When we try to be superhuman, not only does it lead to feeling like a failure because it’s impossible to sustain, we also tend to revert inward so that others don’t see us as we are, spectacular failures and all.
We ALL have failures, we ALL make mistakes, and we ALL have moments of regret.
What doesn’t work is replaying these moments over and over in our heads, berating ourselves all the while.
What does work is learning from them to move forward, to reassess our options, and to reach out for help if it seems like the pit of despair is too deep to climb out of on our own.
Because we sometimes fear what others will think of us if we admit we need help…think of it this way. If a friend or family member came to you asking for help, would you judge them? Would you see them as a failure? Or would you recognize, honor, and acknowledge the courage it took for them to speak up?
One of the things to question of yourself is, “would I judge someone if they came to me with a problem?” This is not to say that you should chastize yourself if you would make a judgement about someone else and what they are going through.
What it should do, however, is help you shine a light on something that you are consciously or unconsciously judging about yourself.
The judgements and jealousies we have are almost always a reflection of an area of our life in which we don’t feel like we are enough.
To use a personal example, I often listen to a podcast in which the host is a working mom who seems to have it all figured out (in case you’re wondering-Don’t Keep Your Day Job with Cathy Heller). She is accomplished in her career, has been very successful financially, has 3 kids, has a great marriage and a supportive husband, and by all appearances seems to be living her dream life full of joy and purpose.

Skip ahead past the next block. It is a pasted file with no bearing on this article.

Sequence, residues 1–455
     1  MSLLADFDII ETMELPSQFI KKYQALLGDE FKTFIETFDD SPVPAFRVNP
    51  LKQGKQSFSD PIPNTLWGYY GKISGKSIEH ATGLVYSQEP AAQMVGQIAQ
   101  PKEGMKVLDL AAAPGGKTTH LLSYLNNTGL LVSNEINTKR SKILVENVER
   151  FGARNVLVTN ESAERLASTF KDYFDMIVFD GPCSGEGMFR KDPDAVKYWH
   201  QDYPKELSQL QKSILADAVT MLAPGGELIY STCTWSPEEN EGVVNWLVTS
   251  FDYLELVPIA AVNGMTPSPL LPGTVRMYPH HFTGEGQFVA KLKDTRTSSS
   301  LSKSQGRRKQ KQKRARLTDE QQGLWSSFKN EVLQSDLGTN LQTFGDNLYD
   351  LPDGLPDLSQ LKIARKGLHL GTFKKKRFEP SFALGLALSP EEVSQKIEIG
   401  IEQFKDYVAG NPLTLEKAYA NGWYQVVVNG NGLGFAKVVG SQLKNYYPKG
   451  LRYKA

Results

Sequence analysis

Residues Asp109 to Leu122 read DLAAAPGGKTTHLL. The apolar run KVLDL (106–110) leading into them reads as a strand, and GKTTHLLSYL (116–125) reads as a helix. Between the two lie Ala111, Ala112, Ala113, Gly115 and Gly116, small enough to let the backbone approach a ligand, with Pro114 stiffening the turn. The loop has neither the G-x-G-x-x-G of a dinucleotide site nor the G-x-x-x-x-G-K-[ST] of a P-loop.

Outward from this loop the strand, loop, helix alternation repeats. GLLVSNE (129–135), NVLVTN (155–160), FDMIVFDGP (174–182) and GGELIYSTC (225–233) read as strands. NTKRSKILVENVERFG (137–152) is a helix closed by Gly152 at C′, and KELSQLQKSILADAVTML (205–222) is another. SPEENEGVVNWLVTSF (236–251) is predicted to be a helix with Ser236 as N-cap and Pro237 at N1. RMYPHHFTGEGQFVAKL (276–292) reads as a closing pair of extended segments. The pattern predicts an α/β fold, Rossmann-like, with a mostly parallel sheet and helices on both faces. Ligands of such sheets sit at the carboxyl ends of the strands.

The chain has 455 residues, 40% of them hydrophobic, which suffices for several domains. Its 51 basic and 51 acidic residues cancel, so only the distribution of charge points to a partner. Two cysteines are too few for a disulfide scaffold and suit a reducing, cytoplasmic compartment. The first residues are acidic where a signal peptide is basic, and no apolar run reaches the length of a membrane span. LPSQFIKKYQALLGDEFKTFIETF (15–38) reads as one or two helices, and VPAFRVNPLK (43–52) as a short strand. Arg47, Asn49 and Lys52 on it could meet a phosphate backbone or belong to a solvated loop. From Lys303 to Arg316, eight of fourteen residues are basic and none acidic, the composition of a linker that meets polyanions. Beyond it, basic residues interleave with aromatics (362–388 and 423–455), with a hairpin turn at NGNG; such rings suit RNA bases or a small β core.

Now, while all of these things may be true, I just randomly came upon a Facebook live she did after an incident that caused her great frustration. In a nutshell, it was about the expectations that get put upon us as moms; either by society, our families, or by ourselves.
Prior to this when I would listen to her podcast, while I found it extremely inspiring and engaging, I would sometimes just puzzle over how she had everything so together and those little jabs of jealousy would creep in.
How is she able to do all of this? Why am I struggling so hard to figure it all out when some people seem to have it so easy?
But the fact was, it was not easy for her. She was struggling to figure it out just like the rest of us are. I realized that my jealousy was just one of the dark places that needed a little light and attention to recognize that I didn’t feel like I was enough in the work I was doing. That I felt capable of so much more.
So that could have gone two ways from there. I could have wallowed in the dark place, bemoaning my lack of progress and success, continuing to get nowhere and just endlessly paddling in the river of misery.
Or, I could use the insight to acknowledge how I was feeling and to make a plan of action to move out of the murky water and into the possibility of the days, months, and years ahead.
Where is your boat going to land? Are you going to continue to paddle against the current in the river of misery, burning out your mind and body and getting nowhere?
Or will you chose to seek the shore, even if it means your boat has holes and is in danger of sinking? Are you willing to take a risk, to see yourself living a new life full of promise? To allow yourself to be vulnerable, to ask for help, to know that there isn’t anything you can’t achieve?